Hey there! Sign in to join this conversationNew here? Join for free

If the result is Leave, will we leave? Watch

  • View Poll Results: After a Leave result in the Referendum, the UK would...
    End up remaining after a lot of discussion and debate with little real change
    37
    21.02%
    End up remaining but with some meaningful changes
    17
    9.66%
    Leave but only half-heartedly and with little real change
    72
    40.91%
    Leave abruptly and possibly chaotically
    50
    28.41%

    Online

    21
    ReputationRep:
    If we leave, a lot of the good graduate jobs in financial services industry will be gone. As well as a lot of big4 accounting jobs.


    EDIT: I'm joking. London will still be a huge financial Center whatever happens. Singapore isn't in any fancy club but they're a large financial Center. We're still going to be geographically close to the EU and any economics downturns will be temporary. In the long term, the lack of bureaucracy and trade restrictions will probably help the economy to grow.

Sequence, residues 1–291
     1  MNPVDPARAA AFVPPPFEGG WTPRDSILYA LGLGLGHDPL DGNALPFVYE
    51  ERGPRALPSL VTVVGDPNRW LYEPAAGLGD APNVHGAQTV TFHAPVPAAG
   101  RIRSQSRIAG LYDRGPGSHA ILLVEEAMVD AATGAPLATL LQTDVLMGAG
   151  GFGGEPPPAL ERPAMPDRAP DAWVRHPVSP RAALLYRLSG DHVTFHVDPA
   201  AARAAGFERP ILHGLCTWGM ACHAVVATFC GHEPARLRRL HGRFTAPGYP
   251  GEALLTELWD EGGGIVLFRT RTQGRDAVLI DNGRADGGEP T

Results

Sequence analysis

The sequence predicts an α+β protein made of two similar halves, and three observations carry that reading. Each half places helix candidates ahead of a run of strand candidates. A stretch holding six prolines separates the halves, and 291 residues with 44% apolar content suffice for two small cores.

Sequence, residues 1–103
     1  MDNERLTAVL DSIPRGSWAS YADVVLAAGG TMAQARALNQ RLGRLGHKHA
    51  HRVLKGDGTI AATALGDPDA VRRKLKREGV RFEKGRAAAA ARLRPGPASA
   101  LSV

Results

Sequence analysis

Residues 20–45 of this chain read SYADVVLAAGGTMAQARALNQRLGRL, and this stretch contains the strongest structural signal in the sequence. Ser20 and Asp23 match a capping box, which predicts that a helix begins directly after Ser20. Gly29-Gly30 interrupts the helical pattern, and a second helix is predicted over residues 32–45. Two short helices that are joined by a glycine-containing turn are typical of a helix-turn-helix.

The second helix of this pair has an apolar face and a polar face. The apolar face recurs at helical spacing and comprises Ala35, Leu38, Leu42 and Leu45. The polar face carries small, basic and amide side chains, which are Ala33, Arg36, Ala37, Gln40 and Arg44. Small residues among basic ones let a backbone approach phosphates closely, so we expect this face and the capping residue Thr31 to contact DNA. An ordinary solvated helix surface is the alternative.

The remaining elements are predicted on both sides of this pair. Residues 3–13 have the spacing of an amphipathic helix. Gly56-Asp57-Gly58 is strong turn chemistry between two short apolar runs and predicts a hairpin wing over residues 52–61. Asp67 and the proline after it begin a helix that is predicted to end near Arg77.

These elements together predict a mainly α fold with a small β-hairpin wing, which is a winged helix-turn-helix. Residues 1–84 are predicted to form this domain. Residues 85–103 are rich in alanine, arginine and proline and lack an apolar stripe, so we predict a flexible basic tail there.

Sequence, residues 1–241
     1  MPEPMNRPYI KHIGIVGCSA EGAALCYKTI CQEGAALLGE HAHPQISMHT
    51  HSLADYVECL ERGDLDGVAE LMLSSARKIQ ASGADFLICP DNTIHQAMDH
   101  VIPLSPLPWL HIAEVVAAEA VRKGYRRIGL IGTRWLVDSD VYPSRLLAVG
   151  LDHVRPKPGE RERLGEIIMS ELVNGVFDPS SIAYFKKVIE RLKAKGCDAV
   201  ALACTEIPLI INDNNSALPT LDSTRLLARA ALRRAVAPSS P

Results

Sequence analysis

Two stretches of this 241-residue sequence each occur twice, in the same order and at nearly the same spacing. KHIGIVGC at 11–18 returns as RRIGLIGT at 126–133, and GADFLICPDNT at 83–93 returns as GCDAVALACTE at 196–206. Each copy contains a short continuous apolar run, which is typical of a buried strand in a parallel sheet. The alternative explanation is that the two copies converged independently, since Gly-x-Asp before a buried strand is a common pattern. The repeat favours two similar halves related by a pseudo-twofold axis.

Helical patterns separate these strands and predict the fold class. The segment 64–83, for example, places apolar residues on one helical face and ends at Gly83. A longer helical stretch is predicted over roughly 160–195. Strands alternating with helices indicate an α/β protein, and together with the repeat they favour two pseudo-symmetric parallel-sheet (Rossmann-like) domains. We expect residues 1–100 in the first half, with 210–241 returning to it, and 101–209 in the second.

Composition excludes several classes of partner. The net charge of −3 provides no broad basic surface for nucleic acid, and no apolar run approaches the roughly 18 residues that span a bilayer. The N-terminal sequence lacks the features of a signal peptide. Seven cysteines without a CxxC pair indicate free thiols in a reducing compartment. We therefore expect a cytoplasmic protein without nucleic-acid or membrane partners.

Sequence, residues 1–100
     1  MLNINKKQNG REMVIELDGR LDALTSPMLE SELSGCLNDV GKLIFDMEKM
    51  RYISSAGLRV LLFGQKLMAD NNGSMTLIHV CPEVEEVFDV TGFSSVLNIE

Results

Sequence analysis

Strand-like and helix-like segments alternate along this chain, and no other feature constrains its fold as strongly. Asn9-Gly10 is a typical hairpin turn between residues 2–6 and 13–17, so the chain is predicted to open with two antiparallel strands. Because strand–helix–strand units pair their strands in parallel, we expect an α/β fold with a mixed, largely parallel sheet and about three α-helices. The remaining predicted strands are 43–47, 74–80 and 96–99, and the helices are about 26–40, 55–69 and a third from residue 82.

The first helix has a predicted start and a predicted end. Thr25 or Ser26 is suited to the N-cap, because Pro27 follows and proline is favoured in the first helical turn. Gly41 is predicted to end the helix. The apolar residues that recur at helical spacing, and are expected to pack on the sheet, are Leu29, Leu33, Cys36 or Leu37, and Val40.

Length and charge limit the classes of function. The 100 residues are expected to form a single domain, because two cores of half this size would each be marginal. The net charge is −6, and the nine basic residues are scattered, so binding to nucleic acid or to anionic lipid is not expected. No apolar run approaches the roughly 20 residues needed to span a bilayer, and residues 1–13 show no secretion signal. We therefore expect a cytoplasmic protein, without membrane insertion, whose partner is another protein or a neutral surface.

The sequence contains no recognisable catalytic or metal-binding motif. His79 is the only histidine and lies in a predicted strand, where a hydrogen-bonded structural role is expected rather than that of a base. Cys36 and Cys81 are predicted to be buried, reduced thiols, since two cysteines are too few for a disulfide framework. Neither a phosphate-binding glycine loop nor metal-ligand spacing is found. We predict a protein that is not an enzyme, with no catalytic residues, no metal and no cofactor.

Offline

    14
    ReputationRep:
    (Original post by Drewski)
    I see you're new to FoS. This is what she does each and every time.
    I was going to say. The person seems surprised at her behavior or something.
    Offline

    21
    ReputationRep:
    How we leave depends greatly on who replaces Cameron at the helm of the Tories. Provided it's somebody from the current cabinet and not a hard line skeptic or Remainer then something like the following will happen.. Gove will be dispatched to Brussels to negotiate our exit, his mission being to keep us in the single market while securing an opt out from immigration constraints.. after around 3 months negotiations will break down when the EU plays hard ball and wants us to accept free movement in return for the single market.. after another 3 months the government will start to look stupid and be thinking of 2020 so Gove will replaced.. the new guy will be instructed to capitulate on free movement to secure the deal, the deal is done within a year bar the technicalities, the UK leaves at the end of 2018 to join EFTA.

    *Note that both sides will want to make it look good so instead of pure free movement we'll capitulate to something a minimum EU immigrant quota of a couple hundred thousand. The EU will say their citizens still get to come, the government will say they've secured a meaningful cap on immigration from the EU and probably get an exception for new EU members.
    • Thread Starter
    Offline